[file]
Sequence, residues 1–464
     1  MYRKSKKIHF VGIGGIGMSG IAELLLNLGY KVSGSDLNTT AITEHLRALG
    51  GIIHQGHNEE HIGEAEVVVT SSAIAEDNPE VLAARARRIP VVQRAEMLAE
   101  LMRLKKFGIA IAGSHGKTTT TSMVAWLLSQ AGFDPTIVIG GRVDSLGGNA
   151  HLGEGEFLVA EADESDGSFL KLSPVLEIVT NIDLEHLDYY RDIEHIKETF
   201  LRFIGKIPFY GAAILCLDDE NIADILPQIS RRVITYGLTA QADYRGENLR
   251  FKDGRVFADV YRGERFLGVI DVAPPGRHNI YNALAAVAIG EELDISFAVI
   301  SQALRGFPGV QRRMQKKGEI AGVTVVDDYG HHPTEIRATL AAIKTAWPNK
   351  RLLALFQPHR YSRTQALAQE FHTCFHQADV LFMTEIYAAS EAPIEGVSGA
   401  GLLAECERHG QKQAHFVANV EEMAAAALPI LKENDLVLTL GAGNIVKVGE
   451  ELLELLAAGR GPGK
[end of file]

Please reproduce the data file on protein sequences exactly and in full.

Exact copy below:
Sequence, residues 1–464
     1  MYRKSKKIHF VGIGGIGMSG IAELLLNLGY KVSGSDLNTT AITEHLRALG
    51  GIIHQGHNEE HIGEAEVVVT SSAIAEDNPE VLAARARRIP VVQRAEMLAE
   101  LMRLKKFGIA IAGSHGKTTT TSMVAWLLSQ AGFDPTIVIG GRVDSLGGNA
   151  HLGEGEFLVA EADESDGSFL KLSPVLEIVT NIDLEHLDYY RDIEHIKETF
   201  LRFIGKIPFY GAAILCLDDE NIADILPQIS RRVITYGLTA QADYRGENLR
   251  FKDGRVFADV YRGERFLGVI DVAPPGRHNI YNALAAVAIG EELDISFAVI
   301  SQALRGFPGV QRRMQKKGEI AGVTVVDDYG HHPTEIRATL AAIKTAWPNK
   351  RLLALFQPHR YSRTQALAQE FHTCFHQADV LFMTEIYAAS EAPIEGVSGA
   401  GLLAECERHG QKQAHFVANV EEMAAAALPI LKENDLVLTL GAGNIVKVGE
   451  ELLELLAAGR GPGK